THE MICROMETER
The micrometer

an instrument which makes an appliMeasurement by the micrometer depends upon the direct relation
between the number of revolutions of the screw and the distance traveled by it. The object to be measured is placed
between a fixed point called the anvil and a movable part
is

cation of the principle of the screw in measurement.

called the spindle.

One end

threaded with a

thread having a pitch of l/40th of an inch. That is, there are 40 of these
threads to one inch. Attached to the threaded end of the
spindle is a cup shaped piece called the thimble. This thimble
is knurled on the outside so that it may be used to turn the
spindle.
When the instrument is assembled the thimble slides
down over part of the frame which is threaded to match the
thread on the spindle and acts as a guide for it. This part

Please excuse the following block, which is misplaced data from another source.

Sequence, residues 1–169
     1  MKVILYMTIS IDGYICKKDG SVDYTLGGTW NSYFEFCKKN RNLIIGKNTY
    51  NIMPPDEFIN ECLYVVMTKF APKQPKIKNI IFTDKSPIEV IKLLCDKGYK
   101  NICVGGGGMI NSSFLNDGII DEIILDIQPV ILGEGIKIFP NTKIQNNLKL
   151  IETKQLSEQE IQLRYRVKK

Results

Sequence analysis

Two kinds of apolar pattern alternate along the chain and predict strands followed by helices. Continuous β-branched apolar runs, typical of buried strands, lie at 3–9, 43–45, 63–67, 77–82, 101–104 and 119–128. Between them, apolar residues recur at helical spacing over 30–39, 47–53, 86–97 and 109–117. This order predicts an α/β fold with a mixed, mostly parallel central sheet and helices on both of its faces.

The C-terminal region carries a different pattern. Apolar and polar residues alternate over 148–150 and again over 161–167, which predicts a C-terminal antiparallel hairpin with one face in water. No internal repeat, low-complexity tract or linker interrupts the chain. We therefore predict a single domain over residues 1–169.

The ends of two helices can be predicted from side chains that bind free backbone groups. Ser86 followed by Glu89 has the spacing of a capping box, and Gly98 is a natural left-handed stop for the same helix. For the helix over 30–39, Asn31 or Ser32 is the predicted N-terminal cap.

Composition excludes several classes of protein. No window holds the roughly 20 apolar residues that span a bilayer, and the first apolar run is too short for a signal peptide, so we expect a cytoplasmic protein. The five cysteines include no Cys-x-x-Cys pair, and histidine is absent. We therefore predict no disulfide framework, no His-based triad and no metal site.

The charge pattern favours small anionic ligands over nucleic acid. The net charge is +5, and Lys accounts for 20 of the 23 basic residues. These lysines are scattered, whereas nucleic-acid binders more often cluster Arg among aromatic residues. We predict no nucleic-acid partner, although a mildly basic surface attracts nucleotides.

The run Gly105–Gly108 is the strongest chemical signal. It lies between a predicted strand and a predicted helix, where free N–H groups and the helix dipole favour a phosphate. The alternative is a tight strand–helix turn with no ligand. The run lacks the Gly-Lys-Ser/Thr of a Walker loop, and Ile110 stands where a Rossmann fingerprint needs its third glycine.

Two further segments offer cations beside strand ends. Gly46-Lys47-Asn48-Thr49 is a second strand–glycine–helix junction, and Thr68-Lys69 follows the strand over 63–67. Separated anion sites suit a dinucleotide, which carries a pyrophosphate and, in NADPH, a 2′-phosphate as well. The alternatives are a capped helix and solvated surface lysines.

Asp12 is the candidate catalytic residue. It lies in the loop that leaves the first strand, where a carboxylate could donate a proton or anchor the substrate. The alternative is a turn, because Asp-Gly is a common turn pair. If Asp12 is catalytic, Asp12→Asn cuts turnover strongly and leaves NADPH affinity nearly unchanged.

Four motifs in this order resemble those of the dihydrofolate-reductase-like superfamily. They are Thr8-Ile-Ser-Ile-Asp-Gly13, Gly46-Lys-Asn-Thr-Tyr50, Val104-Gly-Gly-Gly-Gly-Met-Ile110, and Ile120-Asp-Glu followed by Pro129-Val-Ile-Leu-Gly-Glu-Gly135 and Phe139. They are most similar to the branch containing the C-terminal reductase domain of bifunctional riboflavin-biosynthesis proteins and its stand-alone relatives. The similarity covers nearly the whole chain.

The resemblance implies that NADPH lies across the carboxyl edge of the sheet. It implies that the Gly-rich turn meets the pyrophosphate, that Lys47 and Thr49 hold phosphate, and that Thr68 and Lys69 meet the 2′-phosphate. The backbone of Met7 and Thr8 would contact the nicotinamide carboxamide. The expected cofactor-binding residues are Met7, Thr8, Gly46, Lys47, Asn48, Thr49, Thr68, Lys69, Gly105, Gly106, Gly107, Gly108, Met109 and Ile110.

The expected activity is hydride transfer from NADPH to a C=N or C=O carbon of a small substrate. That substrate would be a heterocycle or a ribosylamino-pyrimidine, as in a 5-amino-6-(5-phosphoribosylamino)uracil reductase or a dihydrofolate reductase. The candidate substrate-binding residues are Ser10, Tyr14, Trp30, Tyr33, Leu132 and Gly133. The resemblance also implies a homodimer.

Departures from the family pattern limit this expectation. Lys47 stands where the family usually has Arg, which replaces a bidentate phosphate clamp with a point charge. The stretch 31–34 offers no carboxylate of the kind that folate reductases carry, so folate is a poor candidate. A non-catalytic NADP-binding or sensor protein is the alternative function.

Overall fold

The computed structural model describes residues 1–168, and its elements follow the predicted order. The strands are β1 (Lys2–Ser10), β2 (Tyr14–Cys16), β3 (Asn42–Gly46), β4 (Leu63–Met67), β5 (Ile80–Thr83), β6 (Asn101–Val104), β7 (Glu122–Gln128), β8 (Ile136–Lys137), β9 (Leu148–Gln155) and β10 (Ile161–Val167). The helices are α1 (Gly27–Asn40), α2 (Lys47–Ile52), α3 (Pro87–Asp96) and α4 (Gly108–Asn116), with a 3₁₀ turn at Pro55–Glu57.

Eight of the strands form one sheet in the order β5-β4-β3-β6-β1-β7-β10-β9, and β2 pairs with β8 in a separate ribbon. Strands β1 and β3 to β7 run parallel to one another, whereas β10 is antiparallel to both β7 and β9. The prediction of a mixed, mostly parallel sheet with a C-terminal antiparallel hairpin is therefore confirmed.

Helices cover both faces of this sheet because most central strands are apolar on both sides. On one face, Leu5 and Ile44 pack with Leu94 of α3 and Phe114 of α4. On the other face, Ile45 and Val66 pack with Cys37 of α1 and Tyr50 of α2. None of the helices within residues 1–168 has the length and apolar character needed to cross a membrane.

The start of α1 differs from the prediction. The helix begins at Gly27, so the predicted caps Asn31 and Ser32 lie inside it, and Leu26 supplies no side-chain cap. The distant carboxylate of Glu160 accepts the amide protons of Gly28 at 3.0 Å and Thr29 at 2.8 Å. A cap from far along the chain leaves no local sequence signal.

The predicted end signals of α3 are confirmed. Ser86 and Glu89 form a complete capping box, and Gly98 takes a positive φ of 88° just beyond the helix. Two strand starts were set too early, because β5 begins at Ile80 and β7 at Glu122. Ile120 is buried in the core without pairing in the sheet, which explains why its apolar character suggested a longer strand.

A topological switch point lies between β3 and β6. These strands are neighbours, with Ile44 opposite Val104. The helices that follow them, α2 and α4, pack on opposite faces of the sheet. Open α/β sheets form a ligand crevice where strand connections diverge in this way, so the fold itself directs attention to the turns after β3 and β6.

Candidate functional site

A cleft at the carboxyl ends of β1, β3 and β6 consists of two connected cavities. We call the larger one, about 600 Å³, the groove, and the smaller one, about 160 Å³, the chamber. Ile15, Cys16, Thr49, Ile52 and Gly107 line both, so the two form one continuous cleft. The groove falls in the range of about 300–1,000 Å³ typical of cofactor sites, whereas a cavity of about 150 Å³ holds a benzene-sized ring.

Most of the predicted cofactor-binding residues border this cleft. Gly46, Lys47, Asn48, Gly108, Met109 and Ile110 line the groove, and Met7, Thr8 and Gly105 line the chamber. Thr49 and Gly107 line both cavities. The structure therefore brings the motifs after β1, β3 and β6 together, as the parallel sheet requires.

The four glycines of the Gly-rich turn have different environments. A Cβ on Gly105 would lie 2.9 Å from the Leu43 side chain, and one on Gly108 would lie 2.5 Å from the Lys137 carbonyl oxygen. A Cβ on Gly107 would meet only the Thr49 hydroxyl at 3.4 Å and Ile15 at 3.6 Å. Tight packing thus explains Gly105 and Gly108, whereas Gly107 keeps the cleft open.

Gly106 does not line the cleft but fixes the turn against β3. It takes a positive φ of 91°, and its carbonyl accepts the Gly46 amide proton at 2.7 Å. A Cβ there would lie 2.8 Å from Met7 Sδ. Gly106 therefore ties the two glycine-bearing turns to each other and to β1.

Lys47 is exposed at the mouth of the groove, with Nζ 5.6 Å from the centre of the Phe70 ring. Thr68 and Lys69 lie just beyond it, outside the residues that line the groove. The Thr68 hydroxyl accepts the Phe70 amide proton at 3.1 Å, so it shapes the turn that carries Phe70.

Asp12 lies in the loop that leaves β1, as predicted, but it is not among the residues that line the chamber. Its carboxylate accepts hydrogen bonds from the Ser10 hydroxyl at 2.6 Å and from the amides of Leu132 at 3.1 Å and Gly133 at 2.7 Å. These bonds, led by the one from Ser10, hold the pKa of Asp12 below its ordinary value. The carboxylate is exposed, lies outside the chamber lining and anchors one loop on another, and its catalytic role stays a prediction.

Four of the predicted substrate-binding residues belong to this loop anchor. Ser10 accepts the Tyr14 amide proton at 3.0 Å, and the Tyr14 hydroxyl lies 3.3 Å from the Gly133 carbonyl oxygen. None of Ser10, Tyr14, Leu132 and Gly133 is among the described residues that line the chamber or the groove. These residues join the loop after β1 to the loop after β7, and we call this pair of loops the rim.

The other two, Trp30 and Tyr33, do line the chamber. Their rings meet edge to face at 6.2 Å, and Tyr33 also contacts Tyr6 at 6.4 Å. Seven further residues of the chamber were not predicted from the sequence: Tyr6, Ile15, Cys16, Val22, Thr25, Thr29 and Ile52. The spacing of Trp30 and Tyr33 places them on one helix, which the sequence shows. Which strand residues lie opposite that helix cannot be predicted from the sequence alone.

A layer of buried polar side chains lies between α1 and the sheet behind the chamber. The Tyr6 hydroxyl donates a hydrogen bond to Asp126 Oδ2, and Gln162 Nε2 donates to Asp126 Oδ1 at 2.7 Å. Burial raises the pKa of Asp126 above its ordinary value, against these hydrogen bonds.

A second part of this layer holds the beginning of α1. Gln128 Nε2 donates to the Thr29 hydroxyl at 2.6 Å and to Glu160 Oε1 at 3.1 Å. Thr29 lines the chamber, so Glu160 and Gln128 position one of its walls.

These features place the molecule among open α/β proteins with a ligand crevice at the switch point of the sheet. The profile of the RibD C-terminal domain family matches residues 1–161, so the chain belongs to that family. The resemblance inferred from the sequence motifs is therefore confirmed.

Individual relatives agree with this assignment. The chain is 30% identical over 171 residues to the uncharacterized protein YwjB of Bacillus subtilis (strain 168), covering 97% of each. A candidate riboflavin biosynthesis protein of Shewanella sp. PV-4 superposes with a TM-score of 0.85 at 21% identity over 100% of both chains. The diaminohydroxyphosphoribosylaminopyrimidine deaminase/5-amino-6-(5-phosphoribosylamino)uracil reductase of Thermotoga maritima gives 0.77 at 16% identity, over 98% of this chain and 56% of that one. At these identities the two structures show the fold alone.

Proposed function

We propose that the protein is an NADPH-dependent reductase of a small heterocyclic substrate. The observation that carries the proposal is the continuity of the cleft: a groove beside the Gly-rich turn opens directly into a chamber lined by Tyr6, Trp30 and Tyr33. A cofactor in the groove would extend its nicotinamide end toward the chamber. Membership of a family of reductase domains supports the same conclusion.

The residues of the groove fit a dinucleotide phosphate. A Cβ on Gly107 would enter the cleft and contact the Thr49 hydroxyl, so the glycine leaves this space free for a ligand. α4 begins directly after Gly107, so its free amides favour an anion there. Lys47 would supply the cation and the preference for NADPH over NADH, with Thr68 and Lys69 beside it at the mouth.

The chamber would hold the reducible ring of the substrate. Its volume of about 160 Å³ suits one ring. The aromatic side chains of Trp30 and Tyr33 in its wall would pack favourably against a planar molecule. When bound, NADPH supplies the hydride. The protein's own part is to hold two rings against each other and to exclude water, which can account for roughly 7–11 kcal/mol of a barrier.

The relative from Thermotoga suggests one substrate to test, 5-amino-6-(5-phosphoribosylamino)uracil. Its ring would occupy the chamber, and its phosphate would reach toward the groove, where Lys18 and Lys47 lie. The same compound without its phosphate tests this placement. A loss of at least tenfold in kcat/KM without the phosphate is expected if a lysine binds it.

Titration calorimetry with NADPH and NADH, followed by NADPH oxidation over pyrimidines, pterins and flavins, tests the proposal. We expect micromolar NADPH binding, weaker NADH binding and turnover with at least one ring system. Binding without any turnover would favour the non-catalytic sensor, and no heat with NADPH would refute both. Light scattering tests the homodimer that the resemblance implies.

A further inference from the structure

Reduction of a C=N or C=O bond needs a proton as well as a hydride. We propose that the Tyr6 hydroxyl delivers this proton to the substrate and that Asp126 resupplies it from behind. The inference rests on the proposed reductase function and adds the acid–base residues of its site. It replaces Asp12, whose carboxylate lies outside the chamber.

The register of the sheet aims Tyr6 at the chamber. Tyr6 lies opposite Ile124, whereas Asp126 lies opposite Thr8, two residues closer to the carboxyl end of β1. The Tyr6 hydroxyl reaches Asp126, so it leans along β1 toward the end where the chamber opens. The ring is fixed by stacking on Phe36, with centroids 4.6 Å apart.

is called the sleeve and on it will be found a system of lines
or divisions which when used in connections with a set of divisions on the beveled edge of the thimble, will indicate the longitudinal distance traveled by the spindle and the number of
Now,
revolutions made by both the thimble and spindle.
knowing as we do, the pitch or lead of the screw, it is easy to
determine the measurement or distance between the spindle
of the spindle

and anvil for any

is

fine

setting.

In adjusting the micrometer for a measurement first open


the jaws are far enough apart to admit the object
to be measured, then close by turning the small ratchet head
on the end of the thimble. This ratchet is so adjusted that it
The use of the